I can say a little about the work of Brown and Schretz, since Brown gave a talk at BIRS last month.

If you take a graph with $N$ edges and some restriction on valence (called a Feynman graph), there is a certain integral on an $N-1$-dimensional domain with boundary that in small cases appeared to yield linear combinations of multiple zeta values. This was a discovery of Broadhurst and Kreimer, by numerical brute force.

This raised the question of which graphs yield combinations of multiple zeta values. This is interesting in part because when multiple zeta values show up in an integral, it is a sign that mixed Tate motives are lurking somewhere. In fact, Brown showed last year that $MT(\mathbb{Z}) = \pi_1^{mot}(\mathbb{P}^1 \setminus \{0,1,\infty \})$, i.e., every mixed Tate motive over $\mathbb{Z}$ has periods in $\mathbb{Q}[(2 i \pi)^{-1}, MZV]$. The connection between graphs and motives comes through work of Bloch, Esnault and Kreimer, where they defined motives of graphs $G$ by making a variety $X_G$ by some blow-up construction and taking $H^{N-1}$. You can ask if these motives are mixed Tate, but this is apparently way too hard. An easier question is computing cohomology, and easier still is counting points over finite fields.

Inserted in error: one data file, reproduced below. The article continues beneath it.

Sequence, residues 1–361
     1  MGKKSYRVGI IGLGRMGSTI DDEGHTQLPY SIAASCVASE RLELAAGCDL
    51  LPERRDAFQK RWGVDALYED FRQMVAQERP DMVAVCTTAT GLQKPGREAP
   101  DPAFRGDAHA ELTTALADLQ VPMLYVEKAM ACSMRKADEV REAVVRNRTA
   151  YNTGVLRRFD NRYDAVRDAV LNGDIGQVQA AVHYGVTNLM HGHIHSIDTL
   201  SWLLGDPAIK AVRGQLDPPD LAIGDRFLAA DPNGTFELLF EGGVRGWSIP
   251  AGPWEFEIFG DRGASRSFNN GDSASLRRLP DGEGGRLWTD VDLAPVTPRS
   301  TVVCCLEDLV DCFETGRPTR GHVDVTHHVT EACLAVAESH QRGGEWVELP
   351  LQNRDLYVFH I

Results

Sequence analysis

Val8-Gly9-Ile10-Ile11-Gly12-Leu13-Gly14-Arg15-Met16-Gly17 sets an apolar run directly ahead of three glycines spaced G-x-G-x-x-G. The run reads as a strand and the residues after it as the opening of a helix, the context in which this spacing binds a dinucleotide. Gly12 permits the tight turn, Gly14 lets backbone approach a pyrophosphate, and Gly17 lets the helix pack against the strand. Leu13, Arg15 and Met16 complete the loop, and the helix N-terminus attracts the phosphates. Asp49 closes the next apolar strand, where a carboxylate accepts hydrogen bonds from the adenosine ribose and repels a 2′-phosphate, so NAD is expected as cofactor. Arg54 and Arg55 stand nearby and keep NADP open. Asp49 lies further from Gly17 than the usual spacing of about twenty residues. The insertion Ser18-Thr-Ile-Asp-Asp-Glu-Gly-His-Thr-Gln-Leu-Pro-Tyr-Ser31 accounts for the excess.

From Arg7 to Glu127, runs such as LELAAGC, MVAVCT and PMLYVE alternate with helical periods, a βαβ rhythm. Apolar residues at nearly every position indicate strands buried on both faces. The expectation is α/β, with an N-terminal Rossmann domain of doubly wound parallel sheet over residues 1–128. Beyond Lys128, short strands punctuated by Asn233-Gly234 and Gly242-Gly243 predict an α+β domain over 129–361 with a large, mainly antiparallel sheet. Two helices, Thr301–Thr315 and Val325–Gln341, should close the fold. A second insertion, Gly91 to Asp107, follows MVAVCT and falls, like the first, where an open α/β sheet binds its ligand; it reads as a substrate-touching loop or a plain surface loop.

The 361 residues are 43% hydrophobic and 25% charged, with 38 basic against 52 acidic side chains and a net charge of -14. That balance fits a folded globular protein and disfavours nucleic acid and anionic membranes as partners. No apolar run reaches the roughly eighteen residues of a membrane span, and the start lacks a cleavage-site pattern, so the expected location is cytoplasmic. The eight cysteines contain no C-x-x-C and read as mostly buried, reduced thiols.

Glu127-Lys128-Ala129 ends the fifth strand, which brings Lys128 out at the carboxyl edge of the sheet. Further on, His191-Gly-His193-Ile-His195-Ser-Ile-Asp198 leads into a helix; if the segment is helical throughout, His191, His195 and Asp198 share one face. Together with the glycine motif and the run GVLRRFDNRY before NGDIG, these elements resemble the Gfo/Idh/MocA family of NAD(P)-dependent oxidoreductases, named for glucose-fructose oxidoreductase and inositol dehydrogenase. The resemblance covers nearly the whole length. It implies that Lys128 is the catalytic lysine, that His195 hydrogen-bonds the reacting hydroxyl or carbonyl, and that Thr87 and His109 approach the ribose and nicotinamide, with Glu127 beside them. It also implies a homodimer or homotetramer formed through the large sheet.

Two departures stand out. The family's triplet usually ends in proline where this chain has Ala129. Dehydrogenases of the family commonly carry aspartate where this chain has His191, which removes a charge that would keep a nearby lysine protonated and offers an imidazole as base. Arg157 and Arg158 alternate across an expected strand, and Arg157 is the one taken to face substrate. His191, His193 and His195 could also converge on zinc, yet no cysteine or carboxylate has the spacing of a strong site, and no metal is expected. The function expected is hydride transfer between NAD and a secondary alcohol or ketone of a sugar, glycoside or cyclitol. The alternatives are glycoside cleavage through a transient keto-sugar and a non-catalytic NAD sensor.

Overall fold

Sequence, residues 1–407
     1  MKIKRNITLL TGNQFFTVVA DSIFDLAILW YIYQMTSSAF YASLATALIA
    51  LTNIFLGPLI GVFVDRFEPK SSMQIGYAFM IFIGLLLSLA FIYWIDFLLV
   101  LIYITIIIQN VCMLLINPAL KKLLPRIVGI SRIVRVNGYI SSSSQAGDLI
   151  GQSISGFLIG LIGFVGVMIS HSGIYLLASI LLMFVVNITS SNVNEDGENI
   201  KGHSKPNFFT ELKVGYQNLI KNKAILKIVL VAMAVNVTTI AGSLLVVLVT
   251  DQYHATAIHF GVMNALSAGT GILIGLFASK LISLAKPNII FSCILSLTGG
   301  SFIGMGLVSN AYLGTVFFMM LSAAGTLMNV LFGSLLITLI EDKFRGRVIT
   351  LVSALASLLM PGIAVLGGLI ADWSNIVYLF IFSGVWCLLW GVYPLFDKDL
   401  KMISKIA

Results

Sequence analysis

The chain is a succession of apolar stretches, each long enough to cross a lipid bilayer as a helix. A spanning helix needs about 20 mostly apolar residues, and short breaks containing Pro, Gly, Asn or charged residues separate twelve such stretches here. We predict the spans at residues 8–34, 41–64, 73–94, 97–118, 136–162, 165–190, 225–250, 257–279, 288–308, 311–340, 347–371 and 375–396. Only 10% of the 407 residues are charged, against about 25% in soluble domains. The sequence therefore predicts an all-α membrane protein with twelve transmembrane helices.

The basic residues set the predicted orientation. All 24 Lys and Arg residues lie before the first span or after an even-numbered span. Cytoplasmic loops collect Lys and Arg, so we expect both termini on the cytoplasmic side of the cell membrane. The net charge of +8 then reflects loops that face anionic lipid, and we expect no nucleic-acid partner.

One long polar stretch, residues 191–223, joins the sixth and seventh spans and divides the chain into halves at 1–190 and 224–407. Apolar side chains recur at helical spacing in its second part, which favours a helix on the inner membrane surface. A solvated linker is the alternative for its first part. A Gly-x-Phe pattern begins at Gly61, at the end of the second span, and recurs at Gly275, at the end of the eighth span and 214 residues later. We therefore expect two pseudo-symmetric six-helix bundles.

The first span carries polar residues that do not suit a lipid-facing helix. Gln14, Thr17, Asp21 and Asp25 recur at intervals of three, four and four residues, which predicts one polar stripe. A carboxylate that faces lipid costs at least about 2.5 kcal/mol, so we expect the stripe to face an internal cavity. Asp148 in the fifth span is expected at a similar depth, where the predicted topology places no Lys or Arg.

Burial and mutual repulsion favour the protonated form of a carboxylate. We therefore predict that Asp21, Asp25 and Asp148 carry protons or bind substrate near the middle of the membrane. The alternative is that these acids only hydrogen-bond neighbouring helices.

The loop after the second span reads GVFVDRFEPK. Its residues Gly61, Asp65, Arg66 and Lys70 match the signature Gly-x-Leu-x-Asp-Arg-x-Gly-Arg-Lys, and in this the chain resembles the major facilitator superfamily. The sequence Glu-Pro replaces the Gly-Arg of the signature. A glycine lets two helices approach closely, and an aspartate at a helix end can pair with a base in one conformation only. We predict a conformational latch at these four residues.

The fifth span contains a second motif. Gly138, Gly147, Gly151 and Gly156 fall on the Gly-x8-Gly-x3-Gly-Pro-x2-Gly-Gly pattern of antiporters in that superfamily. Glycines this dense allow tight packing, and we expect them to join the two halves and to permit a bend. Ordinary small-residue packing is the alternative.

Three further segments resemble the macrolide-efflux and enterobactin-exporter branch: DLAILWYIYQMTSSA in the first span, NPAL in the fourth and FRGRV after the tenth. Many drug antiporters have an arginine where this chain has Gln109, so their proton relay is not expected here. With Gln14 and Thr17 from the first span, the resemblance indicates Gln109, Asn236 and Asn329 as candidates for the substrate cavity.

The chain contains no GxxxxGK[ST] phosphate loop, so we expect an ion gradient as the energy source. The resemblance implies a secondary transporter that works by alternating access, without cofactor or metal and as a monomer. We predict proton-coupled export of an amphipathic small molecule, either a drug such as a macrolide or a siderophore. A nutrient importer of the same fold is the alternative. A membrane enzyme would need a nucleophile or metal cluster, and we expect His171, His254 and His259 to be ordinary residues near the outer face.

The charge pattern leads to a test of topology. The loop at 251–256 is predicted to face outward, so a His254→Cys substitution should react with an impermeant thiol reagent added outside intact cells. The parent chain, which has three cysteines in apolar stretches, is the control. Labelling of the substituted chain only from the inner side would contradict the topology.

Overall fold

Kontsevich conjectured that the function that takes a prime power $q$ and returns the number of $\mathbb{F}_q$-points in $X_G$ is a polynomial, and it was true for small $G$, but this recent work gives a construction of counterexamples. Some of the functions are (or appear to be) $q$-expansions of modular forms of small level and weight, but that seems to be a transition zone between polynomials and wilder functions that no one has been able to identify.